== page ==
Prompt You have been asked to create a data table on the dashboard that shows an

You have been asked to create a data table on the dashboard that shows an

You have been asked to create a data table on the dashboard that shows an unfiltered view of the Austin Animal Center Outcomes data set. You have also been asked to add a geolocation chart to the dashboard, which will help the client visualize the data. For more details about the dash components for data tables and the geolocation chart, refer to the Module Six resources.
Open the ModuleSixMilestone-Template.ipynb file, which contains the starter code for the Grazioso Salvare dashboard. Upload this file into Apporto, and open it using the Jupyter Notebook application. Be sure to review all the starter code provided. Pay special attention to the import commands and the comments describing what each code section does.
Update the code to create an interactive data table on the dashboard that shows an unfiltered view of the Austin Animal Center Outcomes data set. To populate the data onto your table, you will use your previous CRUD Python module, from Project One, to run a “retrieve all” query and import the data from MongoDB. This data retrieval will access the “model” portion of your MVC pattern: the MongoDB database. Be sure to hardcode in the username and password for the “aacuser” account.
Note: The data table may take a few minutes to fully render and display, depending on the speed of your internet connection.
Tip: Be sure to consider your client when creating the interactive data table. Consider optional features that will make the table easier to use, such as limiting the number of rows displayed, enabling pagination (advanced), enabling sorting, and so on. Review the Module Six resources on data tables to help you select and set up these features.
Note: You must enable single-row selection for the data table for the mapping callback to function properly. This property is represented as: row_selectable = “single”
Add a geolocation chart that displays data from the interactive data table to your existing dashboard.You are being given the function that sets up accessing the data for the geolocation chart and calls the Leaflet function update_map:
def update_map(viewData, index):
dff = pd.DataFrame.from_dict(viewData)
# Because we only allow single row selection, the list can
# be converted to a row index here
if index is None:
row = 0
row = index[0]
# Austin TX is at [30.75,-97.48]
return [
dl.Map(style={‘width’: ‘1000px’, ‘height’: ‘500px’},
center=[30.75,-97.48], zoom=10, children=[
# Marker with tool tip and popup
# Column 13 and 14 define the grid-coordinates for
# the map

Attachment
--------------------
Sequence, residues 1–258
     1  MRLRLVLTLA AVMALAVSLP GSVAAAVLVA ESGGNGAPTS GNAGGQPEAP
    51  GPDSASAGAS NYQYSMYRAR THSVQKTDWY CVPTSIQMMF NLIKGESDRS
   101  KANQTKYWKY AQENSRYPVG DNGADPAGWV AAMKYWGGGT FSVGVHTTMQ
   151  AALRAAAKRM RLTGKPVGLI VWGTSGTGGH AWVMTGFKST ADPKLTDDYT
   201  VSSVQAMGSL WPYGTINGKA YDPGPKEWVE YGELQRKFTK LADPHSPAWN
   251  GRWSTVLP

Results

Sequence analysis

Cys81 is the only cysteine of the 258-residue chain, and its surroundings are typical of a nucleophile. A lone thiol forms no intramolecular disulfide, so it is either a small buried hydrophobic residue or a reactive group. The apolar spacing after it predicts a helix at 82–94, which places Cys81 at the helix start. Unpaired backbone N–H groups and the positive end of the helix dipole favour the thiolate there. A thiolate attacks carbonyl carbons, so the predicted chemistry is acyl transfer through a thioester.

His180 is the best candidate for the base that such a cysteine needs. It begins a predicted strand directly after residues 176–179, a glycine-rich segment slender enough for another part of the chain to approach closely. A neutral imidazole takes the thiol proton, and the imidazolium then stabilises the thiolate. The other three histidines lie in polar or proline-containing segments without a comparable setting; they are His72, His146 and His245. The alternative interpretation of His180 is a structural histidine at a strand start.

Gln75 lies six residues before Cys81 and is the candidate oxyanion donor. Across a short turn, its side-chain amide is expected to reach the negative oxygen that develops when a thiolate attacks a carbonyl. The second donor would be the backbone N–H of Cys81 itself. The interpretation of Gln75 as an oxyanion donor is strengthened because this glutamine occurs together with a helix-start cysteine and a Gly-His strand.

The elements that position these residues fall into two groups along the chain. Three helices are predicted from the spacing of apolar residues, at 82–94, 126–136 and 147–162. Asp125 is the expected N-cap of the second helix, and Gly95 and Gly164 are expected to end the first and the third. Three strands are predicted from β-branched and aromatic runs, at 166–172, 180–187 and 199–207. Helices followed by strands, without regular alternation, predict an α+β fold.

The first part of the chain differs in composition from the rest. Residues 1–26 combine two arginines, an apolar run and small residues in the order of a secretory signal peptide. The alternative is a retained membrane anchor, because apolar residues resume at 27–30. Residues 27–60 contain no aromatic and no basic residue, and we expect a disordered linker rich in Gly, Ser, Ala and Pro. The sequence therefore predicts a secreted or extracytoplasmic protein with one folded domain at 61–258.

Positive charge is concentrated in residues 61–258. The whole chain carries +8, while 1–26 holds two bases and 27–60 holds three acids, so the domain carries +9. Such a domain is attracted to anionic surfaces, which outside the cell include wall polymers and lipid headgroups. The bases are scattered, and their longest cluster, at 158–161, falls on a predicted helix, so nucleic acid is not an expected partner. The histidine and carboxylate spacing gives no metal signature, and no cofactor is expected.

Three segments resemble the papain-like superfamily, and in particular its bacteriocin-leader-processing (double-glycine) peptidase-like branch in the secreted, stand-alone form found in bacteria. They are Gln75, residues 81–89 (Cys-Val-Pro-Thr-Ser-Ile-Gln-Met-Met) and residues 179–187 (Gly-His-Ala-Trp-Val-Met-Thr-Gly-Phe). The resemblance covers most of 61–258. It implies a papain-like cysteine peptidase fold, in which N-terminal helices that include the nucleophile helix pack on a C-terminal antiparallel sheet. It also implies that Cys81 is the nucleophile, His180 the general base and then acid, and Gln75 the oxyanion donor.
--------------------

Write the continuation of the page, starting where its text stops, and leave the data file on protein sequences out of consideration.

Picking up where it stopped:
# Column 4 defines the breed for the animal
# Column 9 defines the name of the animal
html.H1(“Animal Name”),
You will need to structure this function into your dashboard code by adding the correct statements to the layout. These statements ensure your layout has a place for the geolocation chart. Here is an example statement:
className=’col s12 m6′,
You will also need to add the correct callback routines to the geolocation chart. These will look similar to the callback routines used for user authentication and your data table. Here is an example callback routine:
Output(‘datatable-id’, ‘style_data_conditional’),
[Input(‘datatable-id’, ‘selected_columns’)]
)Note: The Leaflet geolocation chart will show the row selected in the data table. To prevent issues with not selecting an initial row, you can set the selected row as a parameter to the DataTable method by adding the parameter:
to the DataTable constructor, thereby selecting first row of the data table by default. As you select separate rows in the DataTable, the map should update automatically.
Finally, run the IPYNB file and take a screenshot of your dashboard as proof of this execution. Your screenshot should include 1) the interactive data table populated with the Austin Animal Center Outcomes data from MongoDB and 2) your geolocation chart showing the location of the first dog in the table. Additionally, your unique identifier (created in the Module Five assignment) should also appear in the screenshot.
What to Submit
To complete this project, you must submit a zipped folder containing both the IPYNB file with the code for your dashboard and the PY file containing your CRUD Python Module. All code files should follow industry-standard best practices, including well-commented code. You must also submit the screenshot of your dashboard as proof of your executions.

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